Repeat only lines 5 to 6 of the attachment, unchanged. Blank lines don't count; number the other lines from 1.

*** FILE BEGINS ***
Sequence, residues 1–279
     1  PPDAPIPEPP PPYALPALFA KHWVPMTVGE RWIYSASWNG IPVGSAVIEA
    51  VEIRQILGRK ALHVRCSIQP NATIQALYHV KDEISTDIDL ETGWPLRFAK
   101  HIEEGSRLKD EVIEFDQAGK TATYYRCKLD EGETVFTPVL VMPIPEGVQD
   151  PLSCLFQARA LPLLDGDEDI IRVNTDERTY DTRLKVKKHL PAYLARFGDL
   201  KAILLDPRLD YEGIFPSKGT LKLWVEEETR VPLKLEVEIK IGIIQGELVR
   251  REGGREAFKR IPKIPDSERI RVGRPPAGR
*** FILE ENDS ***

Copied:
   151  PLSCLFQARA LPLLDGDEDI IRVNTDERTY DTRLKVKKHL PAYLARFGDL
   201  KAILLDPRLD YEGIFPSKGT LKLWVEEETR VPLKLEVEIK IGIIQGELVR